1A tall upright post, spar, or other structure on a ship or boat, in sailing vessels generally carrying a sail or sails.
- Also in the water were strange vessels, with no masts or sails, built of gunmetal-gray metals that seemed impervious to the rust that had afflicted the dock facilities.
- She had two masts and carried fore-and-aft auxiliary sails.
- Before the battle was over the Téméraire was virtually impossible to sail, her masts and rigging having been all but wrecked, but she still managed to keep firing on the enemy.
1.1A tall upright structure on land, especially a flagpole or a television or radio transmitter.
- The spokeswoman said there was no conclusive evidence that made a link between exposure to radio waves, transmitter masts and long-term public health risks.
- One of the last battles against police radio masts being put up in the North York Moors national park looks likely to be lost despite continued concerns about the impact on health and the landscape.
- It is understood the difficulties centre on problems caused by the built-up nature of Greater Manchester and the fact that many masts and transmitters operate at once.
2US (in full captain's mast) (In the US Navy) a session of court presided over by the captain of a ship, especially to hear cases of minor offenses.
- It didn't cost him anything, but he had a record of being at Captain's mast and it said, "Appropriate punishment was assigned by the Captain."
- Asked later by a member of my squad what infraction caused me to appear at captain's mast, I said, "I don't want to talk about it."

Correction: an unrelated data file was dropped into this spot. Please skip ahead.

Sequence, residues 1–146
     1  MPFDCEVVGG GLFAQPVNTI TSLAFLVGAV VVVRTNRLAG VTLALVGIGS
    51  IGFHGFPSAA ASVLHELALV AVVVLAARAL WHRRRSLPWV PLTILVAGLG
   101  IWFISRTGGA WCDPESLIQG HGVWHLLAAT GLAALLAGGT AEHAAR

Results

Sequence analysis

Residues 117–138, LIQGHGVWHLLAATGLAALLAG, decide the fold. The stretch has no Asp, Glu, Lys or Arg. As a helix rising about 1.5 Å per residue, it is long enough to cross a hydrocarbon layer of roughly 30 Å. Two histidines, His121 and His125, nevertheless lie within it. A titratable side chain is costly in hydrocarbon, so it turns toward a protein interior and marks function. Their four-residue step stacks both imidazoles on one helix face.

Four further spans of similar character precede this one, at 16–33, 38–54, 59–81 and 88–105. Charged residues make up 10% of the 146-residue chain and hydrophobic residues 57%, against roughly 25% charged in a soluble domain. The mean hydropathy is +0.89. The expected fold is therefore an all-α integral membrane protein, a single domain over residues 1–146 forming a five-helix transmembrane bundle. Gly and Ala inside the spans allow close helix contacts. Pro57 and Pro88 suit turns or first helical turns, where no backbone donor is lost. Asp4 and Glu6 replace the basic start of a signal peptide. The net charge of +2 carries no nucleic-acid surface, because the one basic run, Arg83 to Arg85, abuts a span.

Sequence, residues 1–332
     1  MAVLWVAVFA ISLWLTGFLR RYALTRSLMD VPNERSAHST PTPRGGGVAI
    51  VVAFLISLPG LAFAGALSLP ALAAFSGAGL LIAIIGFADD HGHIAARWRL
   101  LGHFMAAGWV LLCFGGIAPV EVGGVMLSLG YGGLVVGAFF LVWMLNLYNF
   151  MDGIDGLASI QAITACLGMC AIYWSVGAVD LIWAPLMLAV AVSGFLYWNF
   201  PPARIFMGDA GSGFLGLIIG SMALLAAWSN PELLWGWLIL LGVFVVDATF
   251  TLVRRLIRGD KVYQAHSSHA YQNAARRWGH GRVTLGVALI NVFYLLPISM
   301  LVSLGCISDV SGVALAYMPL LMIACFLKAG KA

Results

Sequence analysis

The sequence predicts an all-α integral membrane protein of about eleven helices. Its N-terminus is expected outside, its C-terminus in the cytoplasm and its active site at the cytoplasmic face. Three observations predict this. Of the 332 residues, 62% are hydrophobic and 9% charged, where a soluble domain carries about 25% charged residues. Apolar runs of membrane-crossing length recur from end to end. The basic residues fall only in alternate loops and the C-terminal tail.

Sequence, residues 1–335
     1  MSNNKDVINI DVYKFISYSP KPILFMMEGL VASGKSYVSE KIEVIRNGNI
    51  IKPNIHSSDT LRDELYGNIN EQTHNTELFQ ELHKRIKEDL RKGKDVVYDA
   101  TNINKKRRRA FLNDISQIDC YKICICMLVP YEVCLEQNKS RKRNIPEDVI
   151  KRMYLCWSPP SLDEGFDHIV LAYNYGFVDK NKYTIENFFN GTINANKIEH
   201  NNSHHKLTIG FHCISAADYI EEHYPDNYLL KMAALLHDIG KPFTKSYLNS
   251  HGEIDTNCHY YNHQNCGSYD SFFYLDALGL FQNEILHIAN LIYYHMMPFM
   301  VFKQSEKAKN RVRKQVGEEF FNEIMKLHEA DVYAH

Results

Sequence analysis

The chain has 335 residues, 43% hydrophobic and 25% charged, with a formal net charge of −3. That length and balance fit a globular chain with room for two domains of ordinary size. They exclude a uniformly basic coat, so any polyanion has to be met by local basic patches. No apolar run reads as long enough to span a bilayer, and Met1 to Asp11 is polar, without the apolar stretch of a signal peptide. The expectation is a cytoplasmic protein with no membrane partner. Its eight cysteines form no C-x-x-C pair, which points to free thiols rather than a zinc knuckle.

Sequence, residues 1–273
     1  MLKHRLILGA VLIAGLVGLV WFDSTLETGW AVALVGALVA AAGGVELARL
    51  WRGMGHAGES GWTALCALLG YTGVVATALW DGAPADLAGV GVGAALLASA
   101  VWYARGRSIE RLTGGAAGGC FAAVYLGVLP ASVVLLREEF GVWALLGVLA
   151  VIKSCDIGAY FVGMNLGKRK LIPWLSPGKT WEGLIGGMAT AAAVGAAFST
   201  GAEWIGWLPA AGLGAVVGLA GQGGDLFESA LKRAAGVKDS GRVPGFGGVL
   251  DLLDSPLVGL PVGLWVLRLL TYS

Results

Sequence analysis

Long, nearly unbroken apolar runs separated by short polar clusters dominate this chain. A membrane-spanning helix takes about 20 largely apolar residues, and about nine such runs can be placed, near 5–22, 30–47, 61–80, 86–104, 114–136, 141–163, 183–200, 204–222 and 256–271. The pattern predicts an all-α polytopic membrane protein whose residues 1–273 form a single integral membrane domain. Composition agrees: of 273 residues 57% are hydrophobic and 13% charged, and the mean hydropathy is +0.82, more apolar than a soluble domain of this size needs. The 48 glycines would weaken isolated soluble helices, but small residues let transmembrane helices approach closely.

- He grabbed the two service records out of my hand and told me that he was sending them to Captain's Mast.
before the mast
- historical Serving as an ordinary seaman in a sailing ship (quartered in the forecastle).Example sentences
- A day to celebrate a great Victory so slipping back to my youthful days before the mast as a boy sailor I will be happy to join in the traditional Naval celebrations.
- Such is our time before the mast in Tahiti - until departure becomes as inevitable as work and taxes.
- It is surprising how many men who come from the inland counties have sailed before the mast.
- [in combination]: a single-masted fishing boat
Old English mæst; related to Dutch mast and German Mast.
Words that rhyme with mastaghast, avast, Belfast, blast, cast, caste, contrast, fast, last, miscast, outlast, past, unsurpassed, vast
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The fruit of beech, oak, chestnut, and other forest trees, especially as food for pigs and wild animals.
- He explains that the native rats ate many kinds of berries, beech mast, and other wholesome foods of the forest.
- All sites experienced at least one mast failure, and mast failure years were generally consistent across sites.
- The first assumption is that mast crops and small mammal populations are synchronized across a wide range.
Old English mæst; probably related to meat.
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